Certain large invertebrates, birds, mammals, and fish all prey on the brook stickleback. With its small size, this species of stickleback has evolved piercing spines and protective plates to hinder predators. With this protection, as well as advanced anti-predator behavior, the brook stickleback is only a minor prey item. In a lab study, adult water bugs (Lethocerus americanus) and dragonfly nymphs (Aeschna spp.) both successfully preyed on the stickleback, but only in a night setting. Fish have been observed to be the most successful predator of the brook stickleback. Examples of these fish predators include: yellow perch (Perca flavescens), rock bass (Ambloplites rupestris), creek chub (Semotilus atromaculatus), burbot (Lota lota), central mudminnow (Umbra limi), smallmouth bass (Micropterus dolomieu), largemouth bass (Micropterus salmoides), northern pike (Esox lucius), brook trout (Salvelinus fontinalis), rainbow trout (Oncorhynchus mykiss) and round goby (Neogobius melanostomus). Brook stickleback eggs can be cannibalized, as well as consumed by rainbow trout (Oncorhynchus mykiss). Competition among the ninespine stickleback exists. However, ninespine stickleback habitat exists in the pelagic zone, while the brook stickleback occupies the littoral zone. In the presence of fathead minnows (Pimephales promelas), the brook stickleback has a more diverse diet since the fathead is a more generalist feeder.
For this particular species, spawning occurs in mid-summer. Brook sticklebacks migrate annually up affluent streams and creeks of rivers and lakes during the spring to spawn in weedy areas. Spawning occurs as males secure a protected territory and construct a nest. These nests are constructed using algae, roots, and aquatic vegetation. There is one entrance with no exit. When the female enters, she deposits her eggs by shaking violently. Each shake allows more eggs to be deposited. Once all the eggs have been placed, the female must push her way through the wall of the nest to exit. During this process, studies have shown that the female makes acoustic noises, which is thought to advertise to sneaker males, as this can increase the proportion of eggs fertilized. After spawning, the male assumes protection of the eggs which hatch in 7–11 days. New hatched stickleback can wander from the nest, but the male gathers them into his mouth to deposit them back in the protective nest. Spawning usually ends around mid-July due to swift temperature changes in the water. The newly fertilized eggs are vulnerable to slight temperature changes. These fish grow rapidly during their first summer and typically reach sexual maturity by spring of the next year. Most adults die within the spawning season or shortly after causing them to be deemed an annual species.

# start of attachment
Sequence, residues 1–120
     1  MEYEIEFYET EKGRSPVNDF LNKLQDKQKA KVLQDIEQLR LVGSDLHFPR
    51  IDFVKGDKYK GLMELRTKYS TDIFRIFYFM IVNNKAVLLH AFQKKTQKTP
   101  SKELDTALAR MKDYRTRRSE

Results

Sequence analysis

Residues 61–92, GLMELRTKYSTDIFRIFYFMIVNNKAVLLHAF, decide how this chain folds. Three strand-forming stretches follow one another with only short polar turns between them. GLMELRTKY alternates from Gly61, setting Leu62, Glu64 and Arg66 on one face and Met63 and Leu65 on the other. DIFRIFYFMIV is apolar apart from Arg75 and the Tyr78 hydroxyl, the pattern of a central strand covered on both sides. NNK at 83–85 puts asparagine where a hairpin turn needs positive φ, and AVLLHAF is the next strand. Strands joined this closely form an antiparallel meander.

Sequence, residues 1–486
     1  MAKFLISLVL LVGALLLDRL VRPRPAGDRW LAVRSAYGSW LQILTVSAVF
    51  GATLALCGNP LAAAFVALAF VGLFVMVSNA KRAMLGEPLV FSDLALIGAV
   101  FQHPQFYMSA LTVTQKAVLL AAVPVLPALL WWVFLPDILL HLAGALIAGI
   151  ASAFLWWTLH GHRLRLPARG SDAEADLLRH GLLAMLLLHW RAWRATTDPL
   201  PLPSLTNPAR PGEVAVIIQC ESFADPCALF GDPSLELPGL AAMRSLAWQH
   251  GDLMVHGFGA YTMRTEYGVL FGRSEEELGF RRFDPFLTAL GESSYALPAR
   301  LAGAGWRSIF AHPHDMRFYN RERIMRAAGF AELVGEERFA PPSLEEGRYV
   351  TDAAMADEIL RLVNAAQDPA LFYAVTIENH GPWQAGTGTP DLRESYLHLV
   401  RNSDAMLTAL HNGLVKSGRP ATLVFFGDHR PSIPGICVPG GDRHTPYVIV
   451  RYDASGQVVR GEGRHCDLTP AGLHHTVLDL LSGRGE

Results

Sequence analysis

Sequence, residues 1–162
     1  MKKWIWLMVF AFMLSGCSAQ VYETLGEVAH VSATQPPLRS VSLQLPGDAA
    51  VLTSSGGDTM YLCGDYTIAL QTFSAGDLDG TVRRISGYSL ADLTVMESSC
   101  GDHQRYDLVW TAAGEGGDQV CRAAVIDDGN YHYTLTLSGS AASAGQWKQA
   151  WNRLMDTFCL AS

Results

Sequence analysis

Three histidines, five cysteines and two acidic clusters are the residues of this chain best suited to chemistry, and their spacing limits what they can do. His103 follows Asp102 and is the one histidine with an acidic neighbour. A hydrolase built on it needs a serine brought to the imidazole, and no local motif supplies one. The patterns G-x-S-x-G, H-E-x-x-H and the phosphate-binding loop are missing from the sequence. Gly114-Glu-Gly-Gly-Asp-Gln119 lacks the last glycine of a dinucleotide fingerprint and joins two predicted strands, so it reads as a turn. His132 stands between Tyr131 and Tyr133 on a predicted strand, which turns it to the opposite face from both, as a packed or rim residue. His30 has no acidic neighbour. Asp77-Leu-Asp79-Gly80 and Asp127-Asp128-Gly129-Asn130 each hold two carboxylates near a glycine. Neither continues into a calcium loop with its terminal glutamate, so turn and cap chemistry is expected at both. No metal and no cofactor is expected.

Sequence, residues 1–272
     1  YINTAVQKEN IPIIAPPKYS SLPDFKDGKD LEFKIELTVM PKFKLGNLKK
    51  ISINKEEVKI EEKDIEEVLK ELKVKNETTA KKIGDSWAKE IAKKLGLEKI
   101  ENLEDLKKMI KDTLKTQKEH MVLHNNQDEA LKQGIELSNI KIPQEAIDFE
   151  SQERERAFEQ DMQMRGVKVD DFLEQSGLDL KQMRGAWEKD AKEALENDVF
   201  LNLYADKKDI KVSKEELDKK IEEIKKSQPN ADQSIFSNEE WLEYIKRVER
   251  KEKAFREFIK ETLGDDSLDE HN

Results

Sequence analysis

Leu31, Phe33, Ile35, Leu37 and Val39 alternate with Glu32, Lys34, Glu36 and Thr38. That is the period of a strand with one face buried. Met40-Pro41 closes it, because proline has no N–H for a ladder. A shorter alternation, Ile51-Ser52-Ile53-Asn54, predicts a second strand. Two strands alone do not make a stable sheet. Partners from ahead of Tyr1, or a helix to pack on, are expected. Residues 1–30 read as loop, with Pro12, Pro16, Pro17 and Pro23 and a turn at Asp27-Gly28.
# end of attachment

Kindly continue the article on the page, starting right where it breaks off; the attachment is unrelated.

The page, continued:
The Nature Conservancy has listed the brook stickleback as level S3 (vulnerable). Though the numbers of this species aren’t threatened, there is a potential for a decrease in population. However, no specific management practices are in place to protect the brook stickleback. This species does occur across the majority of the United States and Canada, which means it could be susceptible to increase pollution in the waterways. The brook stickleback lives in habitats of all sizes from lakes to streams to sinkholes. This diverse range of environments allows the species to cope with a variety of conditions. With such high plasticity of environmental stress, it can withstand certain levels of pollution, heavy metal density, and water turbidity. However, this does not mean the brook stickleback is immune from human induced changes to the ecosystem dynamic. The spawning season for this species is relatively short with high sensitivity to temperature changes. Global temperature changes are at an unprecedented rise, which could eventually lead to a global shift in water temperature. This could highly affect the spawning season for the brook stickleback species. Protection of this species should be on high priority because this species has led scientist in significant breakthroughs in sympatric and allopathic speciation.
This biggest strength of this species success in its natural environment is the amount of successful colonized location after the last ice age with the northern retreat of the glacial caps. The brook stickleback can be found from the northern parts of the Canadian interior all the way down to southern reaches of the United States. Protecting such diversity of locations is key to local ecosystem, as well as the integrity of the species. Current management practices for endangered species of fish should continue their progress because they could be having indirect effects on protecting the brook stickleback. Keeping certain invasive species out of lakes occupied by the brook stickleback could ensure a protect environment from predators. With its armored plates and spines, the brook stickleback has well adapted itself to the current predators it encounters. However, invasive species with better-adapted predatory behavior and shell crushing mouth construction could decimate certain brook stickleback populations. With such successful habitat colonization, this species should be managed using gill nets to track the number of individuals or populations across specific regions. Yearly samples would be most beneficial since the brook stickleback is an annual species. Tracking their progress in increasing or declining numbers would help conservationists categorize specific threats for that region.